There is too little said or written, notably, in the sport pages of the daily newspapers, or on sports television, concerning athletic performance, in the compelling and challenging area of literature. Reading literature is a silent, albeit, popularly participated in and followed sport, which, akin to football and arm wrestling, can be appropriately catalogued as a contact sport. It’s rare appearance in the sports pages, may conceivably be due to the absence of motivated crowds, or, as equally possible, the dearth of reported physical injuries.
In the subject sport, the first physical contact, occurs at the very start of the event, when the newly purchased, hard-cover novel is brought home from the bookstore. When emancipated from its Barnes & Noble paper wrapping, it is athletically, suggested to turn the book around a few times, to admire the attractive book jacket, confirm the new acquisition for your home library, re-read the name of the auspicious novelist, and the title of the book, both as artistically presented on the book cover and its binding.
We strongly recommend, for reasons of safety and comfort, sitting in a comfortable chair, one that you have broken- in previously, as most suitable to optimum performance. Sitting down and adjusting your equilibrium for a few moments, is a crucial, meditative, warm-up. Then, determinatively and confidently, click in the reading lamp, and ergonomically and strategically, place your body in such a position as will insure your safest, most efficient, and comfortable performance. The book should now be turned over to an upright position for the “kick-off” or commencement of the activity. Caution: in the event of a protective wrap protecting the book-cover, the same is to be, strategically, removed and carefully inserted, in an appropriate receptacle; always bearing in mind, that the light-weight, fly-away material of such plastic protective covers, can easily by-pass the intended target (often due to a residential draft).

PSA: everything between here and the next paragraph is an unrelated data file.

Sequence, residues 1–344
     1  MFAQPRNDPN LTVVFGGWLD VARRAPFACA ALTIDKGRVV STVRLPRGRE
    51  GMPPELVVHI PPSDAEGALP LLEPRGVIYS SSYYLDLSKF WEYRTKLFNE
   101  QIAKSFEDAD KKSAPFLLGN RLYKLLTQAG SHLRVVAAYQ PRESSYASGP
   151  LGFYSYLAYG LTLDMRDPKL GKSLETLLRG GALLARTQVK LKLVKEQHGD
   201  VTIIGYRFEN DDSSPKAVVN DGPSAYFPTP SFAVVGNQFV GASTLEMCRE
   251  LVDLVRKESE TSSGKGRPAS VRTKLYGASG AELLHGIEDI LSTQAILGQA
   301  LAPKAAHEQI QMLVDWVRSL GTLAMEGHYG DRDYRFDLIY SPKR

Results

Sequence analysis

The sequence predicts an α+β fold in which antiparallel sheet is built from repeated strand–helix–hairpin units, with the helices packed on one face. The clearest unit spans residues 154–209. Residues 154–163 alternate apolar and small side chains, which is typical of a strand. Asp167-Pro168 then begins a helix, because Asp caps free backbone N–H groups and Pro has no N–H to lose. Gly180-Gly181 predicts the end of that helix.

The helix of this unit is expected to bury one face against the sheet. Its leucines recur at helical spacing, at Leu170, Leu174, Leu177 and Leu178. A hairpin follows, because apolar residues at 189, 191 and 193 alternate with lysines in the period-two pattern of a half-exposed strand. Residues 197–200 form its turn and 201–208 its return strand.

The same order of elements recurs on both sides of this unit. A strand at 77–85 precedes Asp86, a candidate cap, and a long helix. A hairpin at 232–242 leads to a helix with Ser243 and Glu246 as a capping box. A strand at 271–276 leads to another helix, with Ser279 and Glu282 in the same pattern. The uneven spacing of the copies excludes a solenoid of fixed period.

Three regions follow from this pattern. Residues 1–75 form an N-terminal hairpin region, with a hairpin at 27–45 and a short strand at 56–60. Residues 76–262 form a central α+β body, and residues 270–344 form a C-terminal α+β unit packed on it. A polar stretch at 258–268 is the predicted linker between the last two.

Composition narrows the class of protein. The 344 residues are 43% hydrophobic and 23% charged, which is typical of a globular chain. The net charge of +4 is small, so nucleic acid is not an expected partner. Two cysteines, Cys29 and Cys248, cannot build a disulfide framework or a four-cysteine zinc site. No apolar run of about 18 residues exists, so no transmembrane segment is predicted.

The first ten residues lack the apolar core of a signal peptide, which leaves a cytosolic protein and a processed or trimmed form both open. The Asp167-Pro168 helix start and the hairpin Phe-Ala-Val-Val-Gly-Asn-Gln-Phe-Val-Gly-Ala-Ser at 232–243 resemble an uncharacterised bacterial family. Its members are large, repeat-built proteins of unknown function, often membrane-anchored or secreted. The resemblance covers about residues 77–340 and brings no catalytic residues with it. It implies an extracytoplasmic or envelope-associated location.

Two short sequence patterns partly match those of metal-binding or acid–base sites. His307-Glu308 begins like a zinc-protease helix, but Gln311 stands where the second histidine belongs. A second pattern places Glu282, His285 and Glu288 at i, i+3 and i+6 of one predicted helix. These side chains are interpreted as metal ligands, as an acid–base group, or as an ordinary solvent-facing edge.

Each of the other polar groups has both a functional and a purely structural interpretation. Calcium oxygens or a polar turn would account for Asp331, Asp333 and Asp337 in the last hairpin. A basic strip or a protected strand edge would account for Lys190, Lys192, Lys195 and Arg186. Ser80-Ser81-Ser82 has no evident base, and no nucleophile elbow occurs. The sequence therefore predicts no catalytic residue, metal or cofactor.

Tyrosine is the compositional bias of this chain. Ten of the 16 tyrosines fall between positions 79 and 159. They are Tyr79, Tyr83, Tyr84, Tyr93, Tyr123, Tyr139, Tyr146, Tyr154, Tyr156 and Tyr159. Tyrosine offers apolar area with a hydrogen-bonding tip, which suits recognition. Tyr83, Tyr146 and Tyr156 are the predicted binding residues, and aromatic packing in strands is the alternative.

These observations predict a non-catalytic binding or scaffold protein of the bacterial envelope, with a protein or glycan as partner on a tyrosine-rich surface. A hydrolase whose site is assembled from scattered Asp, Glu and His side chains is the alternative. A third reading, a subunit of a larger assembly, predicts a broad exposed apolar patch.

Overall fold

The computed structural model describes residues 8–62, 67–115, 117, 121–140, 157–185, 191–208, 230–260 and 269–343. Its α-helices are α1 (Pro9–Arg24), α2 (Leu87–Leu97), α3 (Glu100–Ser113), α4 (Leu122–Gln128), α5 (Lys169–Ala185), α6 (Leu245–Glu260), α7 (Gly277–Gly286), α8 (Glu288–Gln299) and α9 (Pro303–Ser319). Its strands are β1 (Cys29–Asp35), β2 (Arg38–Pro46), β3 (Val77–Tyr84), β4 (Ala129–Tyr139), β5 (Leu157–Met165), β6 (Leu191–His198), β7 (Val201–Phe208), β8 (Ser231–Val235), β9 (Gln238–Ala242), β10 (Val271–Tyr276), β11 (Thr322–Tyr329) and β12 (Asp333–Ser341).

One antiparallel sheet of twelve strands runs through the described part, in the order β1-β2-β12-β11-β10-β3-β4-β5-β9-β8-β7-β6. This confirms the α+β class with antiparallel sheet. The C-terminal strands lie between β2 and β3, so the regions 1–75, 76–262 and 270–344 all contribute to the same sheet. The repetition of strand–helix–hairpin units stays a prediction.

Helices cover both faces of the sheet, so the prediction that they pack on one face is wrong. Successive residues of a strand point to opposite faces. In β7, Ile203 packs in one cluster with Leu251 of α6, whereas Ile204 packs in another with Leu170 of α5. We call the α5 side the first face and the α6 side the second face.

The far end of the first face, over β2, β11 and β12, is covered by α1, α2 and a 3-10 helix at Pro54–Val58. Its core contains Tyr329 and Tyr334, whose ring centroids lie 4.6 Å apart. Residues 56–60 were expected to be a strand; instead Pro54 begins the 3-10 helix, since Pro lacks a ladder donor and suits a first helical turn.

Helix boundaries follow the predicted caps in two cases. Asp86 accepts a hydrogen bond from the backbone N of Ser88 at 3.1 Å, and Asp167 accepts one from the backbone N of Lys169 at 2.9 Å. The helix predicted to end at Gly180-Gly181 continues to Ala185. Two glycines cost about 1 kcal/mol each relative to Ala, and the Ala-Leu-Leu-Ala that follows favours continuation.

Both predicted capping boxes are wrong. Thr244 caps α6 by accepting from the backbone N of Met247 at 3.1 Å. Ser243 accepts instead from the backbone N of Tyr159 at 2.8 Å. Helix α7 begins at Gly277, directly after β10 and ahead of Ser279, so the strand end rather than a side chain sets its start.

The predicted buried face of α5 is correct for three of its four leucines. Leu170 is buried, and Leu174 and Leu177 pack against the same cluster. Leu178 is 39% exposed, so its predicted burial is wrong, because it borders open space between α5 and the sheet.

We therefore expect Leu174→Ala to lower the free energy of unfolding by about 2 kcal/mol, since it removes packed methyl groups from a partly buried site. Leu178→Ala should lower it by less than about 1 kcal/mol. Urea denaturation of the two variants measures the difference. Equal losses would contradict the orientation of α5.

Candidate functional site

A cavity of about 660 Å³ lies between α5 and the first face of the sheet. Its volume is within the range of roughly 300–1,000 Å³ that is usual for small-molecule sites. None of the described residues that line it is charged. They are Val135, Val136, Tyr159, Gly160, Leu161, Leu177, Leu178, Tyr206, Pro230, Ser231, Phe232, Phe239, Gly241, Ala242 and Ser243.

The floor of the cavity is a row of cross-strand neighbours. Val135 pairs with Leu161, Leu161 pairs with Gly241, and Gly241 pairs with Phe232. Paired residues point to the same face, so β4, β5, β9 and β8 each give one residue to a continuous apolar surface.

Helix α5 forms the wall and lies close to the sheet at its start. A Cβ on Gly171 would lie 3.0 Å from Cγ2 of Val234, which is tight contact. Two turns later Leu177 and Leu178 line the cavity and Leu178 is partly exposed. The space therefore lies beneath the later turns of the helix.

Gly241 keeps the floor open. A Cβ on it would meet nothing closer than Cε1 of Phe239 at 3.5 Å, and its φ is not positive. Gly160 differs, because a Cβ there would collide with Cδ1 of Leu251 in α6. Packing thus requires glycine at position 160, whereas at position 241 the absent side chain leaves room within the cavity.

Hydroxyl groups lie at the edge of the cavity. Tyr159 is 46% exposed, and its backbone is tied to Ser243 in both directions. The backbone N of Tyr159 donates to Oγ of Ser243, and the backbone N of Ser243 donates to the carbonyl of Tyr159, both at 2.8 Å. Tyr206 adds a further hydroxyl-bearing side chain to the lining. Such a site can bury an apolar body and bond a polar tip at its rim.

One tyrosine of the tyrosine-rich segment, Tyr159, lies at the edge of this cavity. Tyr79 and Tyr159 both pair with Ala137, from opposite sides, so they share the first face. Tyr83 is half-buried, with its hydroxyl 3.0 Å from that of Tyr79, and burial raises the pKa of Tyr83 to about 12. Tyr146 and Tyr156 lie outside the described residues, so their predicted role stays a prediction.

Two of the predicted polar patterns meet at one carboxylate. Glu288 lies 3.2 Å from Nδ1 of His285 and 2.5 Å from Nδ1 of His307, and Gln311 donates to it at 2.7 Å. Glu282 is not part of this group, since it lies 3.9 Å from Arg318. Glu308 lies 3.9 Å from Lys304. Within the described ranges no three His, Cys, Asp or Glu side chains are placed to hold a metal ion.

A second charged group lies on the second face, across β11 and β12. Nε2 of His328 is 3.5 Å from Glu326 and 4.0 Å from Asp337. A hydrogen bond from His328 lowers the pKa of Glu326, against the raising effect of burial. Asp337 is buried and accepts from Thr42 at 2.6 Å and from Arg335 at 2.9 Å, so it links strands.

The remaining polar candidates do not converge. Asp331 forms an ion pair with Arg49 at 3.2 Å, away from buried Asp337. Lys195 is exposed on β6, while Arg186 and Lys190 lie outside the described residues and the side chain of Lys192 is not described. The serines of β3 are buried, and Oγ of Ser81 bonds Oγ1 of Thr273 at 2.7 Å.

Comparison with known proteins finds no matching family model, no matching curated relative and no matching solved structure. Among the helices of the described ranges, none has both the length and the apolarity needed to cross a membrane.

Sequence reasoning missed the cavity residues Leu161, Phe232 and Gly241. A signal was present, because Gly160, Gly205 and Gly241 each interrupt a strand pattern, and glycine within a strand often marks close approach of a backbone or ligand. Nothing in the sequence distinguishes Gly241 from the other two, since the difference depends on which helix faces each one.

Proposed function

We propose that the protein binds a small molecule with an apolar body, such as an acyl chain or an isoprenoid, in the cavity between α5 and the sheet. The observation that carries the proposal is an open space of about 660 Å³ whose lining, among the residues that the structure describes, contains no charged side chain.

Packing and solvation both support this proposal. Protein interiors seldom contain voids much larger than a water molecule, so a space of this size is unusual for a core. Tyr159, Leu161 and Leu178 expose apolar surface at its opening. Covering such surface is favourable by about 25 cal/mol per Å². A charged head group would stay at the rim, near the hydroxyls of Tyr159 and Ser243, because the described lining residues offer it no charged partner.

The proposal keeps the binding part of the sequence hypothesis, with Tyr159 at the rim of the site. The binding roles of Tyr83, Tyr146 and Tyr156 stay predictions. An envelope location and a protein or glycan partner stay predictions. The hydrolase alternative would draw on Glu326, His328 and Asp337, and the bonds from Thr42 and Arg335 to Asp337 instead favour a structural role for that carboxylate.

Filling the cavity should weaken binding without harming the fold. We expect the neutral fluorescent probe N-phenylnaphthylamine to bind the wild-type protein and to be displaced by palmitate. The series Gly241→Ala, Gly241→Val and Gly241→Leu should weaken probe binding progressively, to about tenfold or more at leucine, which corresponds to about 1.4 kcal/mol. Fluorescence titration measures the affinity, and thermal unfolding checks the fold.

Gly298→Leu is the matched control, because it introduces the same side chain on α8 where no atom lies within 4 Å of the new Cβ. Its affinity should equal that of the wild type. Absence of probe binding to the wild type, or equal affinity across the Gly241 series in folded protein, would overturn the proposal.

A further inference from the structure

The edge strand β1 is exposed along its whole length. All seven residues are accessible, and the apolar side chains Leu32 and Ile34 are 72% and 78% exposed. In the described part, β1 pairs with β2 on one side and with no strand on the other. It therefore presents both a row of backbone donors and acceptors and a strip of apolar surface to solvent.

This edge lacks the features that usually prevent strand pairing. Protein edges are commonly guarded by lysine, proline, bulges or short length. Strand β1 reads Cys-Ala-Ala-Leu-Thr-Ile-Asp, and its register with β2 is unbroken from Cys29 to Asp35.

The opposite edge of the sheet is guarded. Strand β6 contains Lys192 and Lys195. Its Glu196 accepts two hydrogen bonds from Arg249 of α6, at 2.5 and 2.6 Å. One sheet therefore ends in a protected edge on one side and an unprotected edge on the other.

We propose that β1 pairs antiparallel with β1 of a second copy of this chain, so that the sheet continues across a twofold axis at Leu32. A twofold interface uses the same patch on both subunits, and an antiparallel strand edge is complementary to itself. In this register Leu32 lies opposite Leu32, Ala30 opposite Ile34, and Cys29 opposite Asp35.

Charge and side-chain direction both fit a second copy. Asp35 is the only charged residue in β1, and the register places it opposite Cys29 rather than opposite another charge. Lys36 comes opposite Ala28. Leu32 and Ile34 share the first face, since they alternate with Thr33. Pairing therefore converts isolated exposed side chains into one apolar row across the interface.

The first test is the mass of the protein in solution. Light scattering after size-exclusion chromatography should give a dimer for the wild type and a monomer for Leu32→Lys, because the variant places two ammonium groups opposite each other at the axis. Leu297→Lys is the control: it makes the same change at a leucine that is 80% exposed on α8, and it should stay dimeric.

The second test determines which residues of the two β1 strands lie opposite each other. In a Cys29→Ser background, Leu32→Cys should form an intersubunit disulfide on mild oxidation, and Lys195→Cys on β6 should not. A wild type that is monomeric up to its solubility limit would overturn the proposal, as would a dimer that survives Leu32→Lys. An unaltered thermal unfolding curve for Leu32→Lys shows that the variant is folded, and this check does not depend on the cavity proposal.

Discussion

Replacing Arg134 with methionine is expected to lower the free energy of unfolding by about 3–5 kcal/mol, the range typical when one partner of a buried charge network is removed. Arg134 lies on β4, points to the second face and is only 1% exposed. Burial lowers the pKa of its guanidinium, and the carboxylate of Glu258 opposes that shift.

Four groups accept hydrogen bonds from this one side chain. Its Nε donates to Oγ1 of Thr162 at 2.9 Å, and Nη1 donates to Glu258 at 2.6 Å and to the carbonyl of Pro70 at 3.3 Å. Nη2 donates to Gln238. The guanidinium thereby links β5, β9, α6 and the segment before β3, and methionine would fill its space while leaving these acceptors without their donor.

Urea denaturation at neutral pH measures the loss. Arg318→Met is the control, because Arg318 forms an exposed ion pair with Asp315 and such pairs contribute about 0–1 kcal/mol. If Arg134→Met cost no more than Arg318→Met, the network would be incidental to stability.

The next step is especially crucial to any acceptable performance of the sport; it involves the slow opening of the volume, at about half-way (empirically, the most effective point) and subtly, and very gently, inhaling the very faint, but pleasant, scent of the new book (in large part, freshly printed paper) and listening to that slight click of the new binding. We recommend that these latter two, fore-play activities be performed in private, in order to avoid the potential of a possibly puzzled reaction on the part of any sports spectators. The next recommended stage of the sport, will require some manual dexterity. As often is the case with this athletic endeavor, there may be one or two pages [still] stuck together, from its manufacture. Here, contact is to be effectuated with empathic surgical dexterity. Should you be equipped with long fingernails, a very careful slitting of the stuck pages may be accomplished with success and without damage. Should the fates be such, that the player’s fingernails be too short, a thin letter opener may be employed, but with appropriate surgical care.
We affirmatively encourage the reading of the book jacket for the purposes indicated above, and, as well, the preface, since the latter, often relates the intention of the author. For the purpose of properly engaging in this serious sport, however, we would discourage the reading of the “Introduction,” before reading the book, for several reasons. The most obvious reason for this admonition, is that many introductory statements, prematurely, reveal the action and outcome of the novel’s plot. An even more compelling reason is to assure the original, independent understanding of the work by the reader, without any previous influence. We do recommend reading the Introduction, but, only after the completion of the book; good books generally have erudite analyses authored by knowledgeable people, and such reading is interesting, and often illuminating. The sensitive and experienced reader may also enjoy comparing his personal perceptions and analysis, of the book, with that contained in its scholastically written, Introduction.
In the physical participation in the actual, physical, activity, or sport, of reading, we recommend that, all pages be turned from the top edge of the next succeeding page, that there be no simultaneous eating or drinking (in order to protect the pristine appearance of the pages), that only a flat bookmark be used, to indicate the place last read, that the book, when not being read, be kept on a flat surface, or a bookshelf, and that, absolutely, no pen or pencil markings or notations be made therein (these are annoying and mar the page’s appearance). An available pad and writing implement, for any impulsive notation, should always be closely accessible.
The completed book should be granted its well- deserved respite on a selected bookshelf, with care, not to wedge it into a very tight space, in order to preserve the book jacket and the book itself. When painstakingly seeking the optimum venue for the book, especial care should be taken, to avoid stepping on the cat.
As is prudent in cases of all athletic activities, generally, participants should have regular medical check-ups, eat a nutritious diet, and get adequate sleep.